A World Lost, Wendell Berry. Berkeley: Counterpoint Press, 2008. (no publisher’s webpage available)
Summary: Young Andy Catlett’s life is forever changed the day his namesake Uncle Andrew is murdered, an event he spends a lifetime trying to understand.
Andy Catlett is nine years old on the summer day when his adored Uncle Andrew refused to take him on a job salvaging material from an old building. Otherwise it is a perfect day with a satisfying dinner with grandparents, meandering across farm fields, quenching his thirst at a cold spring, watching insects and a world alive, and swimming in a pond to cool off, even though it was forbidden. He arrives home that evening in 1944 to be told by his father that Uncle Andrew had been shot twice by the ill-tempered Carp Harmon. Shortly after he dies.
It is like a long swath of fabric being torn out of a favorite shirt for all of them, never to be repaired. He tells of being with his grandparents and father one night, all of them in tears as they think of what they’ve lost. And shortly after, grandfather dies. Andy’s father no longer plays songs on their piano. We learn how close his disciplined, responsible father came to savage revenge. Something had been snatched out of their world that left it irreparably changed. As the title states, a world lost.
But who was the beloved uncle, brother, son, and why did Carp Harmon kill him? Andy spends the rest of his life trying to understand these things and this novel is his narrative of both discovery and lingering questions. Uncle Andrew was the strong, handsome ladies man who married into the town’s elite, only to live in a loveless marriage with a hypochondriac wife and demanding mother-in-law. He struggled financially, drank too much, and was trying to put his life back together with his brother’s help. This complicated man was the uncle Andy adored.
He interviews witnesses to the murder, reads news stories, and trial records. None of it fully makes sense and often seems contradictory. Even the accounts of whether Uncle Andrew had done anything to provoke the murder conflict. Letters in his father’s effects, shed little more light. It was senseless, as all murder is senseless. He wonders sometimes if things would have been any different had he been with Uncle Andrew that day.
This is the narrative of any family who has suddenly lost someone by violent means. Life may go on but it can never be the same. We discover the complicated mystery of the one we have loved and lost, the shades of light and dark that comprise the portrait of a life, and the ambiguities that fail to resolve. We wrestle with making sense of the senseless–and fail. We carry our own private grief, guilt, perplexity, and trauma, hidden to the world but never far from mind.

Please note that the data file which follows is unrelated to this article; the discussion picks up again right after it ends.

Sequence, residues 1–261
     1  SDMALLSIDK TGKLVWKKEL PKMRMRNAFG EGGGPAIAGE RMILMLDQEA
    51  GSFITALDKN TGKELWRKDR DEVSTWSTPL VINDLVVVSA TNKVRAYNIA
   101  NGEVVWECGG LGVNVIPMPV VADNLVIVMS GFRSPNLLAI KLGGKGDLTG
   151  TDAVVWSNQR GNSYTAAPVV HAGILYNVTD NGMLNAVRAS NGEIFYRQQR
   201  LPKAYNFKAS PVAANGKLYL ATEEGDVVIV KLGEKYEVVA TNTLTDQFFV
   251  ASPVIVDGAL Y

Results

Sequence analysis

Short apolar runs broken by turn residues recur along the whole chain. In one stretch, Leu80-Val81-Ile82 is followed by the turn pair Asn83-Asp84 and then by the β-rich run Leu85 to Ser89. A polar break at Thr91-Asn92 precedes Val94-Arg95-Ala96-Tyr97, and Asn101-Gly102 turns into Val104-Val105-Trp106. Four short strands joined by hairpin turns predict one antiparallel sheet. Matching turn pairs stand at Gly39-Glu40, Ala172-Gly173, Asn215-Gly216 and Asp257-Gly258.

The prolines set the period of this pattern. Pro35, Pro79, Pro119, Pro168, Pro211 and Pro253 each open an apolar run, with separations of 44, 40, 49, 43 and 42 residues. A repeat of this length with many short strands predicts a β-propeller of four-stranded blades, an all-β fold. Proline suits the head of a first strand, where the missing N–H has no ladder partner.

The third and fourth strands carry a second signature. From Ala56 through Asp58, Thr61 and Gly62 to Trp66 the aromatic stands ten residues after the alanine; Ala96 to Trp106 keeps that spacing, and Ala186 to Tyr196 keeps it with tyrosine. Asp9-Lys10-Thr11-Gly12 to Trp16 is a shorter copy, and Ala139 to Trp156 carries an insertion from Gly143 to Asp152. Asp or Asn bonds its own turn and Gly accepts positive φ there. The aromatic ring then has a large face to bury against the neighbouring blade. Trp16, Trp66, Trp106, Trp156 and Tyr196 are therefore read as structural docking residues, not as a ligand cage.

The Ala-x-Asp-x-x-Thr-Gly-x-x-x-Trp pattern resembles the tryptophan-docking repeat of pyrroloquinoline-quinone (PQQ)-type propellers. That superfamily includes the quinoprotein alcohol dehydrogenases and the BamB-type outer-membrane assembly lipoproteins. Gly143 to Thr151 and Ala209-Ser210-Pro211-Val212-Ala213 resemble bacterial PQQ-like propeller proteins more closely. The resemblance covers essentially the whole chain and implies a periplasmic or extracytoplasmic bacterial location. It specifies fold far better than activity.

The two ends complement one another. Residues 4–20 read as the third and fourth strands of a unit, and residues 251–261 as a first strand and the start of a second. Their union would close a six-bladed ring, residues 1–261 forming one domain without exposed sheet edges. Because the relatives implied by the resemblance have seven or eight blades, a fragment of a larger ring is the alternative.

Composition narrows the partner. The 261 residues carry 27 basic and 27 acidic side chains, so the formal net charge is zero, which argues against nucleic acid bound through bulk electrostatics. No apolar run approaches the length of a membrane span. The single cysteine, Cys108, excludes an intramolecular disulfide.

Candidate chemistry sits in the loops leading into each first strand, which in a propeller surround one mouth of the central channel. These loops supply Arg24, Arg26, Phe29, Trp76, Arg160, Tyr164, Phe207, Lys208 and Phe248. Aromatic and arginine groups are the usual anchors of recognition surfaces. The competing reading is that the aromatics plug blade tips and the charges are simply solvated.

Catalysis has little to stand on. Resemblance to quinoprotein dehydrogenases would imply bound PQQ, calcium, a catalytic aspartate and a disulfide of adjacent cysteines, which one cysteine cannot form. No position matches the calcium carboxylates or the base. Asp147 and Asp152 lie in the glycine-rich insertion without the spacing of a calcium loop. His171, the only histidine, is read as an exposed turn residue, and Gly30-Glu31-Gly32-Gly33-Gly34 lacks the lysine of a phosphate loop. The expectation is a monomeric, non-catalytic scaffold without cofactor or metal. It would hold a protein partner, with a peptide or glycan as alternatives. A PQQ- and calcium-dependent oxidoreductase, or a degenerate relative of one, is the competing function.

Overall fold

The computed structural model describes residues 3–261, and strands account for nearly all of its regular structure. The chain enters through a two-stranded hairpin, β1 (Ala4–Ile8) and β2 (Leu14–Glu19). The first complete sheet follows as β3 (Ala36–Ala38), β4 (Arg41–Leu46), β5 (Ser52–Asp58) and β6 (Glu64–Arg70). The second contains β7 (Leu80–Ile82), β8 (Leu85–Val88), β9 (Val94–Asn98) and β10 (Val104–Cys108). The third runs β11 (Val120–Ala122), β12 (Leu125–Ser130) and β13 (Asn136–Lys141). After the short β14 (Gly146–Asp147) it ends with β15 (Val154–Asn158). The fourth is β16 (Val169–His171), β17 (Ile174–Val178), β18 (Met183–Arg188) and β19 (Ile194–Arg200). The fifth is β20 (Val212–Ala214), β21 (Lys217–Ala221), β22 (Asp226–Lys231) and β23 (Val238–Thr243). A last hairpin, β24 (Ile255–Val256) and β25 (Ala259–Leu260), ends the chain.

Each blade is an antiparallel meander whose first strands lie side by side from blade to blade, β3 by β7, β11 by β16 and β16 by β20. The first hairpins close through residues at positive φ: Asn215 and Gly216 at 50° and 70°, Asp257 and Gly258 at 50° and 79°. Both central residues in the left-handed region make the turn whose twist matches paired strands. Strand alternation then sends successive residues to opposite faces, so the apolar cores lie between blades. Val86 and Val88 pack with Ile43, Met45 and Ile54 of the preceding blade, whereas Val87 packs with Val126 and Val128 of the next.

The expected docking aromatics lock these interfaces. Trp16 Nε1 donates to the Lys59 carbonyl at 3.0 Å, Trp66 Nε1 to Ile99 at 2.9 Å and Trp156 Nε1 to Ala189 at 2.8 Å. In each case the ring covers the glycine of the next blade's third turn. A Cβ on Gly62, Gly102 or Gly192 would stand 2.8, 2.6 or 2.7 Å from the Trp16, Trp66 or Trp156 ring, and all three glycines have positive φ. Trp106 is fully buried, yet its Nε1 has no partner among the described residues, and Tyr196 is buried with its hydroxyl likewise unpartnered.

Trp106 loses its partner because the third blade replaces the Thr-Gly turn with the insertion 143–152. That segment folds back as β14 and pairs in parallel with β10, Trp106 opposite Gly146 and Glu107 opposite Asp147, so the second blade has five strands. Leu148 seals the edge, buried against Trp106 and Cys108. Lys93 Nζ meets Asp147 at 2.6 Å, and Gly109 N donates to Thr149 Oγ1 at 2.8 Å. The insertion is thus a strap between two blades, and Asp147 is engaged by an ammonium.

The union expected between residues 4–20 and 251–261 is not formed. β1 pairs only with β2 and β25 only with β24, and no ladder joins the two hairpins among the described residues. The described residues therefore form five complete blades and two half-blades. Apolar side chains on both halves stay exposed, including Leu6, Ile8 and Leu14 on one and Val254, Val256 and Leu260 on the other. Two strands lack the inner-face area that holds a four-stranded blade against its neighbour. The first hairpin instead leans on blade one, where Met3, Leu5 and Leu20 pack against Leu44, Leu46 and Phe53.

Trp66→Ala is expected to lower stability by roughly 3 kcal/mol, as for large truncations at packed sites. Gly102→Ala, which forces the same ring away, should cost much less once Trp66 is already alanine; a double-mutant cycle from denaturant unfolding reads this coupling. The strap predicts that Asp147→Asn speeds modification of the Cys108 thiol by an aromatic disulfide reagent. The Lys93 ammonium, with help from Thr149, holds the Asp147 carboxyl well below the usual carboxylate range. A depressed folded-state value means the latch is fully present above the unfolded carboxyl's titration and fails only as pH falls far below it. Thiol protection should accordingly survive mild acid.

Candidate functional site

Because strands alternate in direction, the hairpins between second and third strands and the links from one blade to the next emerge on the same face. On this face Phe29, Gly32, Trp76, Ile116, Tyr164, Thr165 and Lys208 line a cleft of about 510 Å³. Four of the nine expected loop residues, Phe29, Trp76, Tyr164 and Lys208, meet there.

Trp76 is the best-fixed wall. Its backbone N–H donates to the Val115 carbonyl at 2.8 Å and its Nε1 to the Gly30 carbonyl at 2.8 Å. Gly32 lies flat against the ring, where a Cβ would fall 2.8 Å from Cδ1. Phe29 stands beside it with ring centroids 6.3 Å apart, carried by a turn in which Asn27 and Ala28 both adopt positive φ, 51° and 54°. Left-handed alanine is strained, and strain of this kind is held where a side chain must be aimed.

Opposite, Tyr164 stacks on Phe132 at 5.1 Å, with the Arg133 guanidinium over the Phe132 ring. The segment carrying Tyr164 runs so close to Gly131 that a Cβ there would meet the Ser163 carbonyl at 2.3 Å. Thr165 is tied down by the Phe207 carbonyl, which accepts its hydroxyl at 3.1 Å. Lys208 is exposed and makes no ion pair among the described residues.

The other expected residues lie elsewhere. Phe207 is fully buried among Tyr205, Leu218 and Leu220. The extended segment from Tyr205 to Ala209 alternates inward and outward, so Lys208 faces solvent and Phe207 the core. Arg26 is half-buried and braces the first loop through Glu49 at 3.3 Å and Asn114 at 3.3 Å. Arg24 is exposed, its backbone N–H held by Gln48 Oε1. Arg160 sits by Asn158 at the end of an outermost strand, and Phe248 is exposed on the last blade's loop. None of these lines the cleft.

Wendell Berry, in his measured way, unfolds this exploration of a world lost in the context of the Port William membership we’ve met in other novels. We have the familiar backdrop of the web of relations and the care of the family farms and the work that must be done that reminds us of the tension of darkness and life within which we live. Berry captures that tension in the narrator’s concluding reflections:
“I imagine the dead waking, dazed, into a shadowless light in which they know themselves altogether for the first time. It is a light that is merciless until they can accept its mercy; by it they are at once condemned and redeemed. It is Hell until it is Heaven. Seeing themselves in that light, if they are willing, they see how far they have failed the only justice of loving one another; it punishes them by their own judgment. And yet, in suffering that light’s awful clarity, in seeing themselves within it, they see its forgiveness and its beauty, and are consoled. In it they are loved completely, even as they have been, and so are changed into what they could not have been but what, if they could have imagined it, they would have wished to be.
“That light can come into this world only as love, and love can enter only by suffering. Not enough light has ever reached us here among the shadows, and yet I think it has never been entirely absent.”